The Spirit of Liturgy

Today I want to discuss something which has been on my mind for a couple days, and which is the product of comments from both protestants and Catholics, as well as my experience of a Passover Meal. Basically the question is, to what extent is the Spirit present in the Catholic Liturgy?

I have heard some protestants say that one of the problems with the Catholic Mass is that it’s not open to the call of the Spirit–that is, its “always the same” and so one cannot respond what the Spirit may be calling the minister or congregation to do.

On the flip side, I know that one of the problems many Catholics have with Protestant services is that “there is no order”. The beautiful thing about the Liturgy which we Catholics have come to hold dear is the Ritual.

I’m going to just lay down the basics (otherwise this will be a very lengthy post). Any in-depth reading can be done through the links embedded throughout.

First let us define our terms: Liturgy can be defined as “Public Worship of God”.

Ritual can be defined as “the prescribed procedure for conducting religious ceremonies “.

While Liturgy in the general sense does not require ritual, in the Catholic Church they are nearly synonymous. Basically, Liturgy could be thought as “Ritual done in communion for the worship of God.”

Ritual Liturgy is not a Catholic invention… anyone who claims that is blind and ignorant of scripture. It has been around for over 3000, since the time of Moses and God’s rules for Passover, Sacrifice, Worship, etc. The Pentateuch could be considered a Crash Course on Ritual. In fact, it is safe to say that at least 75% of what Catholics do at Mass alone, is from Jewish tradition.

Are we to presume that God’s Spirit wasn’t at work whenever the Jews sacrificed two doves? Or during Passover? Or when they read Midrash and TaNaK in the Temple?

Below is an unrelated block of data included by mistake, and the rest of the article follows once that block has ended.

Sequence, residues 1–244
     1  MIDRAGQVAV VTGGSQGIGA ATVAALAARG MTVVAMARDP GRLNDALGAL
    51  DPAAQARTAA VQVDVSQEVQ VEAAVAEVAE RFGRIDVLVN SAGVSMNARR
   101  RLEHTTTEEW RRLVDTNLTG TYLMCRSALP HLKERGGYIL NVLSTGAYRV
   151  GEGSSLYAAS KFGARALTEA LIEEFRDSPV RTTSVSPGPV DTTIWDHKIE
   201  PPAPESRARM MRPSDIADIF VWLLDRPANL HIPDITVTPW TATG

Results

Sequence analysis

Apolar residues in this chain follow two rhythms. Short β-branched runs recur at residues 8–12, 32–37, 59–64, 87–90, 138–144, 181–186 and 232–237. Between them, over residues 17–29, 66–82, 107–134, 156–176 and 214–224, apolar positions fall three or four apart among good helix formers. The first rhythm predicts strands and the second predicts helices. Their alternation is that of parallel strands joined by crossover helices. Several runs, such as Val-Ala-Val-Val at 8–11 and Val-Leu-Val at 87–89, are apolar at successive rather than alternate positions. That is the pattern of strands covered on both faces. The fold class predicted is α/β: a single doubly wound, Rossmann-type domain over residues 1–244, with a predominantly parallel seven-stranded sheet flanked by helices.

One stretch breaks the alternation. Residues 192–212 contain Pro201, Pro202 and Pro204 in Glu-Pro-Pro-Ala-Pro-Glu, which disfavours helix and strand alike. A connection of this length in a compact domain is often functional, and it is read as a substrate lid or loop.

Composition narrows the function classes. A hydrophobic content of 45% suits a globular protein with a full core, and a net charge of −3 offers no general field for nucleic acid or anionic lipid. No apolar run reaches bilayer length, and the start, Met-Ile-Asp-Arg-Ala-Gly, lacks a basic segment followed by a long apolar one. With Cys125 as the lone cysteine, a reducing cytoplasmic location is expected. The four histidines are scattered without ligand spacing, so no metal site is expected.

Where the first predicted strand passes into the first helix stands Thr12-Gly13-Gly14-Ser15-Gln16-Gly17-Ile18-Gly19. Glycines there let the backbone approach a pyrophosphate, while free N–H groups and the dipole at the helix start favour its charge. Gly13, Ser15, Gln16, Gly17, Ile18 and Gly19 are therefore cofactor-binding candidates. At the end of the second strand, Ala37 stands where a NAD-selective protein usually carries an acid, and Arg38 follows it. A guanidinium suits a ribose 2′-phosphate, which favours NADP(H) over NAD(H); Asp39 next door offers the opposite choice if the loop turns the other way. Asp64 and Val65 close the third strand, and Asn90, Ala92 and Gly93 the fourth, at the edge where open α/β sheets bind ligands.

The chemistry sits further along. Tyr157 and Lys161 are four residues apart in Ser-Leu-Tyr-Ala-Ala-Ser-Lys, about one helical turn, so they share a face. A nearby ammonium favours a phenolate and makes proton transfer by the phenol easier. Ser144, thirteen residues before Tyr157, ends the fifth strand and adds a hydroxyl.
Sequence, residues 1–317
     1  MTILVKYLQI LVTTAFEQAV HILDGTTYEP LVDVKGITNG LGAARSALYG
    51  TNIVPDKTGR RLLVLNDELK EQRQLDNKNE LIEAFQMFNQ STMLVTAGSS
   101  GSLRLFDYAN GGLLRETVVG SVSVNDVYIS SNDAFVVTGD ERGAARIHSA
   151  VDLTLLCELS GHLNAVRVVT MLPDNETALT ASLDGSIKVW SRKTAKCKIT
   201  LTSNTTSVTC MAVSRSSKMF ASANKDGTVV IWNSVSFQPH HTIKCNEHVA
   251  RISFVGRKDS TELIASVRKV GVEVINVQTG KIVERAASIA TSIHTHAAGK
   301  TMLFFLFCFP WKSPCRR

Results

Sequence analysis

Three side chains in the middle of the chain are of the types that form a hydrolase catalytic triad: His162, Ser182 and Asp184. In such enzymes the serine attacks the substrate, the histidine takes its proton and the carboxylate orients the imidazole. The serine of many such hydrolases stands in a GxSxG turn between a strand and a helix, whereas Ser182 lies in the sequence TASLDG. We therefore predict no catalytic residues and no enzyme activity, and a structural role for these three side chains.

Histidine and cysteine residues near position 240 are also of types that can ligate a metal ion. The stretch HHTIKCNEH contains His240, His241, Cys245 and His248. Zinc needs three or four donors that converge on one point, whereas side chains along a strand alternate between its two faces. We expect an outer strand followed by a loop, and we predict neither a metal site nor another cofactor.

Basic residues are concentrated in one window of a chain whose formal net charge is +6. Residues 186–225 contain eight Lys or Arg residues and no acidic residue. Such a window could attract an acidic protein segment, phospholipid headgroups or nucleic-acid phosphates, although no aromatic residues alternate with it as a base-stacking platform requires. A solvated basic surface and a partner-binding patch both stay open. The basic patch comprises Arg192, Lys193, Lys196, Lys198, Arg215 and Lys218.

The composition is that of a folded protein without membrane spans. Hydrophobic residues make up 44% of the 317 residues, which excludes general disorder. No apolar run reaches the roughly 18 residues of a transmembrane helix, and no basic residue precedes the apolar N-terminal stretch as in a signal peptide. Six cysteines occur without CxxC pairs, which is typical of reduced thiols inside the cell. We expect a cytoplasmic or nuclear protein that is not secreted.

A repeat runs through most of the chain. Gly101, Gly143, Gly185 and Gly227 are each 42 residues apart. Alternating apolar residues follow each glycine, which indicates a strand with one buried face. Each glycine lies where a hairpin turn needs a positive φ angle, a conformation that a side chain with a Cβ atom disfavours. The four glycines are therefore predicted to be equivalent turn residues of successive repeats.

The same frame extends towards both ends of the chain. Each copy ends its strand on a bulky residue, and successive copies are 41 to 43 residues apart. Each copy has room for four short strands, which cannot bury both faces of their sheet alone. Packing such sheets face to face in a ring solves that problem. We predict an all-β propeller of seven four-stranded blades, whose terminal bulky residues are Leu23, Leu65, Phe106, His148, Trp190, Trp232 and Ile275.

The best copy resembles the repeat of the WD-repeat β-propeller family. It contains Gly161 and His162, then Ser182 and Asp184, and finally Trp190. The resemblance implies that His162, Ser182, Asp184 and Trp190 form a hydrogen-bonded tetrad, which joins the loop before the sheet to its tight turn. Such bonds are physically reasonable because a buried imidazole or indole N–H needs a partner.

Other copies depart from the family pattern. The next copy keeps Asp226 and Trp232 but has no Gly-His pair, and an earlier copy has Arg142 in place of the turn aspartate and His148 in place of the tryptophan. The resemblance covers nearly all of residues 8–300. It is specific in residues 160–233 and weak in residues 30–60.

Of course not! Perhaps the problem arises from thinking that “being open” to the Spirit of God means being completely flexible and unplanned in concerns to worship. This, perhaps, is a true difference in protestant vs. Catholic culture. However, I believe the purpose of God’s Spirit is to draw into greater worship and Unity with Him. Thus, anything that can accomplish such things must be open to the Spirit, since it only through him that we can truly praise God.

How is the Spirit Present?

The Vatican II document Sacrosanctum Concilium (On Sacred Liturgy) states that God is present in four ways during the celebration of Mass. 1) Most importantly God is physically present in the Eucharist and through it we receive Christ into us. What better way is there to be unified to our God than this? 2) God is also present in the ordained minister, who acts “en persona Christi” or, In the Person of Christ and thus it is as though we celebrate the Mass with Jesus himself. 3) God is also present in the Word of God, especially the Gospel. This hearkens to the idea prevalent in God that the “Logos” is not only the Words spoken by God, but Christ himself as well (a rather complex theology that I have never quite fully understood). 4) Finally, in accordance with Matthew 18:20, the Spirit of God is present in the Assembly of the Faithful, especially in their song and prayer.

While there is so much more to be said, I will leave it at this for now. The Holy Spirit is abundantly present in the all Catholic Liturgy (the Mass and otherwise), because the purpose of Liturgy is the same as the purpose of the Spirit–to unite us in worship with God. This practice is millenia old and is manifest by God-given rituals!

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